Our Ancient Faith: Lincoln, Democracy, and the American Experiment by Allen C. Guelzo


Review by Brian Tanguay

Abraham Lincoln believed that democracy was the single greatest achievement in human history. How Lincoln came to this belief is less well known than other aspects of his life and times. In Our Ancient Faith, Allen C. Guelzo, a research scholar in the James Madison Program in American Ideals and Institutions at Princeton University, explains how Lincoln’s deeply held and unshakeable faith in democracy developed, and how it guided his governing philosophy during the Civil War. 

The book is remarkably compact and accessible, nine chapters, with an Epilogue titled, “What if Lincoln Had Lived?” In his Author’s Note, Guelzo describes the book as a brief essay in a time of shadows. These ideas have gestated, appearing in preliminary and speculative form in various publications over fifteen or more years. “To all those who have despaired of the future,” Guelzo writes, “or whose lives have been ruined by the failures of the present, I offer this man’s example.”

What did Lincoln believe about democracy? Foundationally, that it was a regime of reason and law rather than unreason and passion. Lincoln recognized that people often abandoned reason for passion, but the antidote to excess passion wasn’t more or equal passion, it was the rule of law. The law was public reason uttered by the public voice. Over and over again, in speeches, letters, notes and state papers he emphasized that America and its institutions belonged to the people who inhabited the country. Lincoln never doubted that Americans would suffer much for the safekeeping of their democracy. 

Lincoln was intimately familiar with the Bible and many of Shakespeare’s plays, and these sources influenced his thinking and writing, but as Shelby Cullom, who served with Lincoln in the Illinois legislature and later in Congress observed, Lincoln also had formidable knowledge of political economy.  In the 1840s and 1850s, Lincoln studied the leading theorists of his day, including Henry Carey and John Stuart Mill, whose ideas informed Lincoln’s thinking about the legitimate objects of government, one of which was “protecting, as far as possible, every member of the society from the injustice or oppression of every other member of it.” Lincoln spoke often about advancement and improvement of condition and the value of labor. Canals, roads, schools, and towns were, to Lincoln’s mind, all tools of improvement worthy of government support. Even facing secession by the Southern states, Guelzo notes that Lincoln and the new Republican Party pushed an aggressive domestic agenda, including a national platform of tariffs and the creation of a federal currency. 

But of course it was slavery, secession, and the Civil War that challenged, perplexed, and occupied Lincoln in ways no other American president has faced. Slavery was wrong in Lincoln’s personal view and he didn’t condone it. What wasn’t as evident to him was whether or not anything could, or should, be done about slavery in the states where it already existed. Lincoln focused instead on halting slavery’s expansion into new territory in the west, reasoning that slavery would die a natural death if it could be contained. This hope was sundered by the passage of the Kansas-Nebraska bill in 1854, which allowed for slavery if the people in the territory expressed a desire for it.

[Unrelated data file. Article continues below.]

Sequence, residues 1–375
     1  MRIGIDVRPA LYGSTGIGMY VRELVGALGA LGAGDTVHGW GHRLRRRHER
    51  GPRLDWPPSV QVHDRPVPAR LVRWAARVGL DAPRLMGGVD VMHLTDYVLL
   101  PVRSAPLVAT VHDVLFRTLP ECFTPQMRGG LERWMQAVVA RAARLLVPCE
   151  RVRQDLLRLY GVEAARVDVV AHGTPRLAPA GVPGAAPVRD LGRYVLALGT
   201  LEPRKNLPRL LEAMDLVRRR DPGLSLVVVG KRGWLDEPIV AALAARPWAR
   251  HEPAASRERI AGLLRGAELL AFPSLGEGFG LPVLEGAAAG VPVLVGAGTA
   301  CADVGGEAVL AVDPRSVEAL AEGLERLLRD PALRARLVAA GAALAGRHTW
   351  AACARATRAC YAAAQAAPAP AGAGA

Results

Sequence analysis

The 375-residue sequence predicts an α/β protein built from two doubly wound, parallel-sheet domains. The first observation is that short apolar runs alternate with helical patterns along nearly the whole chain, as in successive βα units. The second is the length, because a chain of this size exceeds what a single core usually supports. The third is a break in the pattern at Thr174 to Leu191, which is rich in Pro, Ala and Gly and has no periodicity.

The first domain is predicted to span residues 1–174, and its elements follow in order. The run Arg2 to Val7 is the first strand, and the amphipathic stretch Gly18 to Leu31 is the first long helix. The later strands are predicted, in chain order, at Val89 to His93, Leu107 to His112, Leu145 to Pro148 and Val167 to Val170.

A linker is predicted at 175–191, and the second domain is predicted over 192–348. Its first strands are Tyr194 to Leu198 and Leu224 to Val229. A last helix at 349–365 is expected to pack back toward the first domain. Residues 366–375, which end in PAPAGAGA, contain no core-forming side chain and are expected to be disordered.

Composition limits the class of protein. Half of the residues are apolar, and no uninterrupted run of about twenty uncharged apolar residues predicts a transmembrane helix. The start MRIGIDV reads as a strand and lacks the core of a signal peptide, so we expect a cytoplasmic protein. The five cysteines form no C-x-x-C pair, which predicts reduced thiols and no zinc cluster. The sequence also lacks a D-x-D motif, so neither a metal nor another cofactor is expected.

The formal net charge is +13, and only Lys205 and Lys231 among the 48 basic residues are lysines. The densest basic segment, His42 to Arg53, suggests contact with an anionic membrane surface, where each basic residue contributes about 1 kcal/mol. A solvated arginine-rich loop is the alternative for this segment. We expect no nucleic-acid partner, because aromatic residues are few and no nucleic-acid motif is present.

“Lincoln is also an unhappy example,” writes Guelzo, “of how opposition to slavery did not necessarily guarantee any sort of enlightenment on race, and there is an uncomfortable zigzag in much of Lincoln’s thinking on racial issues.” Thus could the man who signed the Emancipation Proclamation also enjoy blackface minstrel performances. It’s worth noting that Lincoln’s proclamation only applied to slaves in the rebellious Confederate states, but excluded Missouri, Kentucky, Maryland and Delaware. Lincoln’s long time law partner and biographer, William Herndon, said that at no time did Lincoln advocate for the equality of the white and black races. 

For all his faith in democracy, Lincoln was aware of its potential deficits and pitfalls. In what now seems prophetic, Lincoln feared that democracy required habits of behavior that people couldn’t sustain, and that in certain circumstances oppression might masquerade as democracy. When the South finally capitulated, Lincoln warned his closest advisors that one of the surest ways to undermine democracy was for it to become a vehicle for unlawful vengeance. Because he was an uncommonly wise and sober man, Lincoln understood the temptations of power; he knew that demagogues feast on revenge. 

Professor Guelzo has written more than a dozen books about Abraham Lincoln. He sees Lincoln’s attributes as well as his shortcomings as clearly as anyone I have ever read on the subject. Ultimately, the tone of Our Ancient Faith is optimistic, perhaps more than seems warranted in a moment when the Party of Lincoln has become the Party of Donald Trump, a demagogue obsessed with revenge. The ideals of reason, debate, compromise, and respect for the rule of law so revered by Lincoln are under extreme duress, while the better angels of our nature to which Lincoln referred in his first inaugural address seem to have gone into hiding. 

I would like to believe that we can draw encouragement and hope from the fact that many of our current frustrations and fears were navigated by Lincoln a century and a half ago. Lincoln, as Guelzo reminds us, “endured a political environment polarized between extremes that had little hope of reconciliation. Uncanny, yes, but also comforting that these frustrations are not novelties.”